Although the US dollar has posted strong gains thus far in 2010, signs indicate that wise investors should consider shorting the US currency. With US debt levels high, foreign banks diversifying away from US dollar reserves and OPEC pushing for more non-dollar denominated deals, an aggressive bet against the US dollar could produce significant gains for investors. See the following article from Money Morning to learn more.
![filekey=|7030| align=|right| caption=|| alt=|US dollar value|]The U.S. dollar has been one of the world’s strongest currencies in the first part of 2010, posting double-digit gains through the end of May.
And little wonder. The Greek debt crisis continues to threaten Europe’s overall health, and could unleash an entirely new contagion on the rest of the global economy. Then there’s China, – the engine of world growth during much of the financial crisis – which now appears to face the near-term triple threat of slowing growth, accelerating inflation and workplace unrest. Add in concerns about commodity prices and global debt levels and it’s easy to see why currency investors have sought the safe haven of the U.S. dollar.
In short, it appears that "everybody" knows the greenback is the best choice for safety, quality and security.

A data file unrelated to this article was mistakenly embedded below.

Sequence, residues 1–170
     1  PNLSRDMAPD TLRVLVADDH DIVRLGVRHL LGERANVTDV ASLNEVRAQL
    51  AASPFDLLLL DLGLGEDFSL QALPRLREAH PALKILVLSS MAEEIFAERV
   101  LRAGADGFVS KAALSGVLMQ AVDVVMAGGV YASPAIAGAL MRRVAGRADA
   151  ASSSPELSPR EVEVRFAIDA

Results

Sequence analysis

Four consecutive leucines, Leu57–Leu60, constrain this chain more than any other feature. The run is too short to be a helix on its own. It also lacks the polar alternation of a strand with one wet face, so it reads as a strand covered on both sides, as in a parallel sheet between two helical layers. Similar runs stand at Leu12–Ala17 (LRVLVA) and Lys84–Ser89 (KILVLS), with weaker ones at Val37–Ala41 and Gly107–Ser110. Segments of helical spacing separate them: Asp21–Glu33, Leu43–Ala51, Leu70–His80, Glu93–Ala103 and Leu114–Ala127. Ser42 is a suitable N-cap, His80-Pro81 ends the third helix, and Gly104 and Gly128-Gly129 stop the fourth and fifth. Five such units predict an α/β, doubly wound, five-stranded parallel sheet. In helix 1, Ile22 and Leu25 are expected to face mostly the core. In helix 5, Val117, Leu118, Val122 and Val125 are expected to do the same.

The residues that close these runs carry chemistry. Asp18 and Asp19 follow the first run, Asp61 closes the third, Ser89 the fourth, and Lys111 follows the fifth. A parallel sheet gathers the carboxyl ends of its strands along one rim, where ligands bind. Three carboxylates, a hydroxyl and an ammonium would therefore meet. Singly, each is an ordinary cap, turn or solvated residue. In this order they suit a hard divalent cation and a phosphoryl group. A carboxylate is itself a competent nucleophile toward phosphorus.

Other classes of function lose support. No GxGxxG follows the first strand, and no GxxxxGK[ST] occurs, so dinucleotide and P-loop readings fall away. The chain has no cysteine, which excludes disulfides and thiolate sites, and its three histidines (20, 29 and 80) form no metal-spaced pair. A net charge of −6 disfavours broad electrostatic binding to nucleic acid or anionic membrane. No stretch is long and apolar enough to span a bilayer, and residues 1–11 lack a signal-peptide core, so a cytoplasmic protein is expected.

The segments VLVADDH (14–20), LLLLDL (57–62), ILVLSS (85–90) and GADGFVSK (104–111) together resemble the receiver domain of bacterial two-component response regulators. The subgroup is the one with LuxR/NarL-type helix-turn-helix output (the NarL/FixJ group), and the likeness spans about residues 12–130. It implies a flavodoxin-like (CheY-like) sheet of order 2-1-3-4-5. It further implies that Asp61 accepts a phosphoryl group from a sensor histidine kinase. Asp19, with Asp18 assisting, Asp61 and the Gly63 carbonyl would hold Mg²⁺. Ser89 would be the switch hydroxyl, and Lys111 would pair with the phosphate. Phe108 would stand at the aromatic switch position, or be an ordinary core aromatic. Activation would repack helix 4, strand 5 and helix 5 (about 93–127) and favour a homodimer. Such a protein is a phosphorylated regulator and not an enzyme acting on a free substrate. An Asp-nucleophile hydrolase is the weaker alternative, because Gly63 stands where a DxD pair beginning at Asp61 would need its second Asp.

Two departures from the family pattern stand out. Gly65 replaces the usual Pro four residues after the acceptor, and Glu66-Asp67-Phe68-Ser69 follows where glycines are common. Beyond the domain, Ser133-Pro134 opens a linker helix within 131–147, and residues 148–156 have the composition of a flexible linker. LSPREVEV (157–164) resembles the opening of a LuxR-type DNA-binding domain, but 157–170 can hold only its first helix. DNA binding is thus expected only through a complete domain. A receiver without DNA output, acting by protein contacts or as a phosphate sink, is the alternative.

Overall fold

But is that really the case? To me, the dollar is looking more and more like a colossal short that could wind up being one of the biggest moneymakers of the year for traders gutsy enough to take a stand.
From Leader to Laggard?
![filekey=|7028| align=|right| caption=|| alt=|currency market currents|]Given that the dollar soared 11% through the end of May (see accompanying graphic), I’m sure some experts will call me crazy for going against the dollar at this point in history. But here’s my thinking:
- Our $14 trillion fiscal hangover, weaker-dollar policies and increased spending will lead to additional dollar weakness in the immediate term. Longer-term, this is a foregone conclusion: The high debt load relative to U.S. gross domestic product will erode growth – studies prove this – and all the extra money that we’ve printed will fuel inflation, as always happens..
- Foreign central bankers – especially China – are actively diversifying away from dollar reserves and dollar-denominated securities. They can’t and won’t "dump" the dollar in a wholesale manner. But this shift away is nothing less than a long-term decrease in demand for the dollar – and we all know that when demand for an asset declines, so does its value.
- The Organization of the Petroleum Exporting Countries (OPEC) – and what’s left of the non-OPEC nations – are still pressing for non-dollar-denominated oil deals. Expect some of those deals to take place in the wake of the BP PLC (NYSE ADR: BP) Deepwater Horizon disaster, which will bring about major regulatory changes and cause onshore reserves to command a major premium. This group, incidentally, isn’t to be dismissed, given that it contains such heavyweights as China, Japan, Russia, most of the Arab nations and, of course, France.